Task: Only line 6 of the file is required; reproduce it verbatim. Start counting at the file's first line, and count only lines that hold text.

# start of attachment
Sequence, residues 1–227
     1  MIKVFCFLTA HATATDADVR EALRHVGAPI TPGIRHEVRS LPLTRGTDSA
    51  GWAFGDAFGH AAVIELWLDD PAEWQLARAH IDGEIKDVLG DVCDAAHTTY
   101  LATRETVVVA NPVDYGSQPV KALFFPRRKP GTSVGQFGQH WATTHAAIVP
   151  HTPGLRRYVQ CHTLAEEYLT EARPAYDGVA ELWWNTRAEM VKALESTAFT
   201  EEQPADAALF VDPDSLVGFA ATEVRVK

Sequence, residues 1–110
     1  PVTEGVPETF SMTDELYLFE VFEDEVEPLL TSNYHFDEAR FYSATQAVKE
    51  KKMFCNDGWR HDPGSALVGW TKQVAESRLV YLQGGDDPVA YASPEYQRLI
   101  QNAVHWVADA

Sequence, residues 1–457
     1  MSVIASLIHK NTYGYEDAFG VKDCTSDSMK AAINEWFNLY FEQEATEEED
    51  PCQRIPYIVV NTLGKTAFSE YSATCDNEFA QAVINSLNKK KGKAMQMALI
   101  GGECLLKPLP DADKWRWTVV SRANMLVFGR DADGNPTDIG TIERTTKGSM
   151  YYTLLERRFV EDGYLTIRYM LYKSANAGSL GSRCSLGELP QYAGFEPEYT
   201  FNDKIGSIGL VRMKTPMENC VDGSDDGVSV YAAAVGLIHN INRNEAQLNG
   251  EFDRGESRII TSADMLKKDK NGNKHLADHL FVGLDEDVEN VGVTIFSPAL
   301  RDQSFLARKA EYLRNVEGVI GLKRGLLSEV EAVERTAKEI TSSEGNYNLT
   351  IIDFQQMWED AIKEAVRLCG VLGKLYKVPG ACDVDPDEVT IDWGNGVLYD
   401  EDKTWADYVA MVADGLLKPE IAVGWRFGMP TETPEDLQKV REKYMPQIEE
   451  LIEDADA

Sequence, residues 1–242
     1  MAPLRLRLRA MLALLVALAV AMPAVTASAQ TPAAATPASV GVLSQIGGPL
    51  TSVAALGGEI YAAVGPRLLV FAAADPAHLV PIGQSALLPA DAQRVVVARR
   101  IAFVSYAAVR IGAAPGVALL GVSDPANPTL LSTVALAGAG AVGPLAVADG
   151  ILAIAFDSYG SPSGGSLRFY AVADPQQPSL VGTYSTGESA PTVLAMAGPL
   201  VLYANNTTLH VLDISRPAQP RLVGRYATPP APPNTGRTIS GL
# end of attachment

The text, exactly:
   201  EEQPADAALF VDPDSLVGFA ATEVRVK